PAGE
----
Movie adaptations don’t get any better than The Creative Assembly’s Alien: Isolation. It isn’t just the best horror game on PC, but also a lovingly crafted and fanatically faithful recreation of Ridley Scott’s sci-fi classic. It got me thinking about what other films deserve to be adapted with the same passion for the source material, using dynamic, unpredictable enemy AI to make you feel like you’re being hunted by a fiercely intelligent predator. And I think the following flicks would be a perfect fit, even if the chances of them actually being made are about as slim as there ever being a good Alien movie again.
Director John Carpenter | Year 1982
A team of researchers in Antarctica encounter a shape-shifting alien that can perfectly mimic any living organism it consumes, including humans. The slow, tense pacing, claustrophobic setting, and that eerie, brooding Ennio Morricone soundtrack would make for a wonderfully atmospheric horror game. Knowing other survivors could be the alien in disguise would let you experience the same grim paranoia as the characters in the film, and being chased by those gruesome, half-transformed Stan Winston monsters would be terrifying.
Director John McTiernan | Year 1987
A squad of elite soldiers on a mission in Central America are stalked through the jungle by a powerful alien hunter. McTiernan’s action classic, which ends with hero Dutch (Arnold Schwarzenegger) outsmarting and defeating the technologically advanced creature with primitive, improvised traps, is the perfect setup for an Isolation-style game. Stripped of his weapons and gear, Dutch has to use ingenuity and creativity to beat the predator, and I love the idea of this being translated into a systems-driven horror/stealth game.
Director Steven Spielberg | Year 1993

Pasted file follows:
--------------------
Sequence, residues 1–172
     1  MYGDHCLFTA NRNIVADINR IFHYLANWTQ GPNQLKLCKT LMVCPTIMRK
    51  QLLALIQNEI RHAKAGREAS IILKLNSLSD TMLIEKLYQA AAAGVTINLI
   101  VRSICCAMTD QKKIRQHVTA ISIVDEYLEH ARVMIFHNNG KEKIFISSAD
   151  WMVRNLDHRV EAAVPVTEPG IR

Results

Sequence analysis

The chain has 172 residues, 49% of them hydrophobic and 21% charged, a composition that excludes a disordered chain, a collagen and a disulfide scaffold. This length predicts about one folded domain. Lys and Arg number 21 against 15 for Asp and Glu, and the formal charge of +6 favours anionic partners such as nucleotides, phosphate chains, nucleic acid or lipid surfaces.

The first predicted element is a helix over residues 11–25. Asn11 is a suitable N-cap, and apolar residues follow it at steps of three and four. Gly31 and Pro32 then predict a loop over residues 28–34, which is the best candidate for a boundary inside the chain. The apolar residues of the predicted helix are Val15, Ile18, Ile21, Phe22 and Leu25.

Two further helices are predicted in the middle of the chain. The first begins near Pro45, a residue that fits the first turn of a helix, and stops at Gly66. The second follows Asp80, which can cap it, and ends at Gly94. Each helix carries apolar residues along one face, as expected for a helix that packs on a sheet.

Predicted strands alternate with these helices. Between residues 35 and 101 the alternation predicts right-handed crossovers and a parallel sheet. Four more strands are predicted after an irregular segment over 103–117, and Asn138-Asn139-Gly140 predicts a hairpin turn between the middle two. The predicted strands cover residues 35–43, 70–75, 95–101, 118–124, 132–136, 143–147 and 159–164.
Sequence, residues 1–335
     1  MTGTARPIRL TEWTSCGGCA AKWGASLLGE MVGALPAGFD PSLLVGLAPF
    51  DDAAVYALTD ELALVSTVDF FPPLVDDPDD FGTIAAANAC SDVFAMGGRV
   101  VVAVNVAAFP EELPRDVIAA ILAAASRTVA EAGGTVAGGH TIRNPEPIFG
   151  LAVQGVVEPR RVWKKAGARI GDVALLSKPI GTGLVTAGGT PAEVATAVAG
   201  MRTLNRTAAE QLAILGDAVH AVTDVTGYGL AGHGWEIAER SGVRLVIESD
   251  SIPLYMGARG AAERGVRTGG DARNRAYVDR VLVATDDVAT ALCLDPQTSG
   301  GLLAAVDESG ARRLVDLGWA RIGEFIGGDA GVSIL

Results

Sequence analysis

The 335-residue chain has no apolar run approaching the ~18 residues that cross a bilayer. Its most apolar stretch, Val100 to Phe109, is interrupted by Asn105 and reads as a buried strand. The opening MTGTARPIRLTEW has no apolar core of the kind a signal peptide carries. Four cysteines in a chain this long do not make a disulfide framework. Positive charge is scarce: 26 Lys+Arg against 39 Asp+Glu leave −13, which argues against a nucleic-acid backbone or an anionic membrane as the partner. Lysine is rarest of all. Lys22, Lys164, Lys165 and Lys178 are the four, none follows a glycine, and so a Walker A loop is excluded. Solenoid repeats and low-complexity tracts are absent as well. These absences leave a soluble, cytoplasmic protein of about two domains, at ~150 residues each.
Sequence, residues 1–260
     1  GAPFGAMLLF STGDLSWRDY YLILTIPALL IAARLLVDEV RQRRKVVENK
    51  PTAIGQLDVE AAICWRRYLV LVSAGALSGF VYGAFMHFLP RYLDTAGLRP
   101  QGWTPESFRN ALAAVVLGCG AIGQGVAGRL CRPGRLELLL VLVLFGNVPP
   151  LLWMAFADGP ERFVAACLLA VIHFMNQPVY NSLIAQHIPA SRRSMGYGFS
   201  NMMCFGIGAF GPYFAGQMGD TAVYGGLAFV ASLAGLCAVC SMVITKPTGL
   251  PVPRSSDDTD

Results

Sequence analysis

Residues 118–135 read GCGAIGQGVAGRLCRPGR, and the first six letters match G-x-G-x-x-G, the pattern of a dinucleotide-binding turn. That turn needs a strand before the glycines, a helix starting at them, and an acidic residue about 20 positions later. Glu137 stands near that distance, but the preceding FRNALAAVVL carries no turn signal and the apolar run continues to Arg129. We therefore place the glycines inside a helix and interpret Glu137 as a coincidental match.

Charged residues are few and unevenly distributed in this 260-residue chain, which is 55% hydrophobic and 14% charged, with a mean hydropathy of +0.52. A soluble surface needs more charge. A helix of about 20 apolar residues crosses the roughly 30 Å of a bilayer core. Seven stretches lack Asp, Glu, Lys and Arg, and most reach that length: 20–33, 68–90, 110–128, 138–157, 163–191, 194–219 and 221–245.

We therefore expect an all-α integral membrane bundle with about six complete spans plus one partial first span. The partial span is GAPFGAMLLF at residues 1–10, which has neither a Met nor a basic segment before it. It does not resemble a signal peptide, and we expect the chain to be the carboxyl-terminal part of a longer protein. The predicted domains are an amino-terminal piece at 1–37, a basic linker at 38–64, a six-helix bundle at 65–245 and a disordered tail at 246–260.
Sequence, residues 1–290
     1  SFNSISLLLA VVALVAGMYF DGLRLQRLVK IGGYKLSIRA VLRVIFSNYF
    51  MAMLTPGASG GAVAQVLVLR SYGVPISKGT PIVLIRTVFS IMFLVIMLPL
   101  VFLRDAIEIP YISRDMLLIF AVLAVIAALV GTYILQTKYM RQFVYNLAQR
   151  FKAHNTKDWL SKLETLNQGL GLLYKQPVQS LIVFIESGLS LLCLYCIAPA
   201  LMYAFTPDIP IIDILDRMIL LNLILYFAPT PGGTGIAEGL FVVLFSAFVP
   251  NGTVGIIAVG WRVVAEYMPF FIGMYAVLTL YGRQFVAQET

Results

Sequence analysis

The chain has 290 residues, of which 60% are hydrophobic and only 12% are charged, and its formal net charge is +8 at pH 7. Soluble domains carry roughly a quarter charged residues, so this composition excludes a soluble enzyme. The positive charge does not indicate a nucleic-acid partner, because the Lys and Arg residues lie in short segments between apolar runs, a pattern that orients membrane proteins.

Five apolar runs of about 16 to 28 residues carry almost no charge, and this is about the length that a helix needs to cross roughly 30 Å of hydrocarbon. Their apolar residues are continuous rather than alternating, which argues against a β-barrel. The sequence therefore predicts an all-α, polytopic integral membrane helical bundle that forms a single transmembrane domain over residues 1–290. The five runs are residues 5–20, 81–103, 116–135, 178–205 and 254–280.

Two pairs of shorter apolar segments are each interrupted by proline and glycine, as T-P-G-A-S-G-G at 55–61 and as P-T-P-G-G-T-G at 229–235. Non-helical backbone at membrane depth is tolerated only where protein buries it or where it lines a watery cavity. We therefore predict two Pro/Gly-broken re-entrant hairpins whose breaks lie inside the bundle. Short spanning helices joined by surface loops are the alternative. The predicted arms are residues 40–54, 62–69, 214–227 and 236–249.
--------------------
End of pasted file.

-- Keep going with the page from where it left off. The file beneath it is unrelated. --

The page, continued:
Disaster strikes a theme park when its attractions, genetically engineered dinosaurs, break free and start killing guests. To imagine how an Isolation-style Jurassic Park game would work, think of the scene at the end of Spielberg’s movie where Tim and Lex are hunted by a pack of velociraptors. The idea of being alone on Isla Nublar, in the destroyed remains of Hammond’s park, dodging raptors and other hungry carnivores as you look for a way home sounds like a perfect setup for a game. I’m devastated it doesn’t exist.
No Country For Old Men
Directors Joel and Ethan Coen | Year 2007
In this neo-noir thriller, a man finds a suitcase full of money in the desert and is hunted by a ruthless hitman hired to recover it. Anton Chigurh (Javier Bardem) is one of the scariest, most unsettling villains in movie history: cold, intelligent, resourceful, unrelenting, and seemingly unstoppable. Now imagine a game where you’re being pursued by him (and that silenced shotgun) across stark Western landscapes, trying to reach some distant location, knowing that he’s always on your tail, waiting for you to make the mistake that will end you.
Director Michael Crichton | Year 1973